proposal (Ramlah, 2004). However, the MCA members’ tolerant stand had led to dissatisfaction

among the Chinese associations, as they were accused of failing to protect the rights of the Chinese

education system and the status of the Chinese language as an official language. The conflict

escalated when the associations called for a new party, Chinese General Association (CGA) to be

formed to replace the MCA (Heng, 1988). However, the move backfired.

�Apart from that, Tunku’s decision to allocate more seats to MCA was not well received by the

Chinese associations, as they felt that it was too insignificant compared to their economic and

political importance. Hence, there were also MCA members who made the move to leave the

party. However, Tunku’s move to reduce the rights of the Malays had led to ALIANCE’s success

in winning votes from the non-Malays. It was reflected in ALLIANCE’s huge mandate at the

election by winning 52 of the 53 seats contested (Harper, 1999). The win was acknowledged by

the British as the success of a multi-ethnic party that could guarantee harmony in a plural society

(Milne & Mauzy, 1986). The massive win showed that the struggle to protect ethnic rights does

not rely on political figures alone, but depends on support from each community (Von Vorys,


�ALLIANCE’s success in negotiating for independence with the British (chaired by Lord Lennox

Boyd in 1956), was due largely to Tunku’s tolerant and affable manner. Tunku managed to coax

MCA and MIC to form an alliance, and tolerated the demands of the non-Malay communities.

Meanwhile, his background as a prince had led to massive support from the Malays, as they saw it

as a means of continuing the tradition of Malay feudal politics. His standing in society also worked

in his favour, as he was well respected by the British, MCA and MIC to accept UMNO as the

leaders for the ALLIANCE.

�As a result of the negotiation, the British consented to grant independence to the Malay

Federation on 31 August 1957, and the draft for ‘Constituency of Independence’ was led by Lord

Reid in 1956. The Social Contract 1957 was a consensus reached by the British, Malays, and non-

Malays to achieve collaboration in the sharing of power (Faaland, 1991).

�By nurturing the spirit of tolerance and coupled with the Malays’ generosity, the non-Malay

ethnic groups were granted citizenship through birthright ( jus soli ) to live in the land of the

Malays, and it provided ample opportunity for the Chinese to run their businesses. In return for

their generosity, the Reid Commission agreed to grant the Malays some special privileges. Thus,

all provisions enacted in the Federal Constitution could not be disputed. The first statute states that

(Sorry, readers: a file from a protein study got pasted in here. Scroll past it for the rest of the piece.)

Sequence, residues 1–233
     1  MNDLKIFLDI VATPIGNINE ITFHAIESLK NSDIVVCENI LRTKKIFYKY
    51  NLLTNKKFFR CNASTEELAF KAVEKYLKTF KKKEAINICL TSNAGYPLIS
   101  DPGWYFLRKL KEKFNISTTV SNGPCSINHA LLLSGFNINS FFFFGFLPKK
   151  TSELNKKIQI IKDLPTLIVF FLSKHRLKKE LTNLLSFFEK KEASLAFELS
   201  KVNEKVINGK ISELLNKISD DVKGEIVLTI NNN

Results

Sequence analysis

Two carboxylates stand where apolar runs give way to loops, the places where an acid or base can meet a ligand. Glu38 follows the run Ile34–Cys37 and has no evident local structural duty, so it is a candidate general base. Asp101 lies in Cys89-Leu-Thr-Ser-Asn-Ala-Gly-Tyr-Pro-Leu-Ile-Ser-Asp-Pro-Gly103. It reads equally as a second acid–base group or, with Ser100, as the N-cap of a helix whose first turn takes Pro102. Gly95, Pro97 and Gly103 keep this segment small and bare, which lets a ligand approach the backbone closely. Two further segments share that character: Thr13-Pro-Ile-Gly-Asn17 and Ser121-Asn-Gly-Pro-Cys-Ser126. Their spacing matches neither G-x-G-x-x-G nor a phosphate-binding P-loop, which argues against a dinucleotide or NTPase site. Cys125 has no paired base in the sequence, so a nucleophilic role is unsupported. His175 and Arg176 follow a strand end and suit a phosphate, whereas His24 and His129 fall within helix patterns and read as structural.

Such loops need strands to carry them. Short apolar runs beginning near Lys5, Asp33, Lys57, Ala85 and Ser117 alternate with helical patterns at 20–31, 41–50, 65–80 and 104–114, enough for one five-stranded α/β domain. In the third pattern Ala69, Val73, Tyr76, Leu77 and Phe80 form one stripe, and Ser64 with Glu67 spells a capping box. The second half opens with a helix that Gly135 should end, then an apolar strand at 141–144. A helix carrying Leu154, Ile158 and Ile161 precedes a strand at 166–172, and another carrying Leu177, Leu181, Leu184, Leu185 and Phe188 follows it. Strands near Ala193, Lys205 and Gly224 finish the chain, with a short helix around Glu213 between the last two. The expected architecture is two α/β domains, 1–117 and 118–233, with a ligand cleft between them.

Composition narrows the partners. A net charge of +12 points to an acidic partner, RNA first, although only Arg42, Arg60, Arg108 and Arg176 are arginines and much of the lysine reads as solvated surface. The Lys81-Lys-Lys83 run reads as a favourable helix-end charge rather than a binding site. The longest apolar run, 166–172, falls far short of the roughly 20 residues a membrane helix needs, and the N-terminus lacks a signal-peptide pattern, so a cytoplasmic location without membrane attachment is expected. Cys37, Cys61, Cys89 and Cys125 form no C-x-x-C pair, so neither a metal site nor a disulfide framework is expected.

the entire Chapter III on citizenship was in Act 150 (6A). According to Tun Abdul Razak, even

though the Emergency was in place after the independence, the Act would not be affected.

Secondly, Act 71 assures that the Federal government must protect the Constitution of each state,

and the privileges and supremacy of the monarchs. Thirdly; Act 152 establishes Bahasa Melayu as

the official language. Fourth, Act 153 institutes the duties of His Majesty the King in safeguarding

the special rights of the Malays, and the basic necessities of the other races. Fifth, Act 159

establishes that any change on the Malay Kings, or Act 38 that dictates on the Council of the kings

and the functions. Acts 70, 71 and 153 can never be changed without the consent of the Kings’

Council, as enacted in Act 159 (5) (Majlis Gerakan Negara Report, 1969).

5.Findings and Conclusion

Based on the discussion, the findings distinctly show that the principle of tolerance played a major

role in nurturing the spirit of understanding and unity among the multi-ethnic communities of Malaya. In

their quest to achieve independence, each community was willing to relinquish their rights for the

opportunity to build a new nation. However, it begs the question, did the spirit of tolerance continue to be

observed after independence was granted on 31 August 1957? This is due to other research that shows

that after independence, each ethnic community competed with each other to safeguard their culture and

traditions. In fact, up to this day, the native Malays are still facing issues in establishing the Malay

language as the official language, and are still struggling to overcome abject poverty among its people

(Alis, 2006; Andaya, 2004). One of the reasons was that proposal to uphold Malay values as the basis of

national unity was strongly resisted by the non-Malay communities. The findings of this study also shows

that, the weak adherence to the principle of tolerance during the early days of independence was the

major reason that caused the May 13th 1969 tragedy to erupt.


We wish to offer our gratitude for the opportunity extended by Short Term Grant National Defence University of Malaysia (NDUM), Yayasan Pembangunan Ekonomi Islam Malaysia (YaPEIM) and Fundamental Research Grant Scheme (FRGS) 2015 to present the paper at this conference.


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Wan Husin, W. N. (2017). Inter-Ethnic Tolerance And Communalism In Pre-Independence Malaysia. In Z. Bekirogullari, M. Y. Minas, & R. X. Thambusamy (Eds.), Political Science, International Relations and Sociology - ic-PSIRS 2017, vol 21. European Proceedings of Social and Behavioural Sciences (pp. 122-132). Future Academy.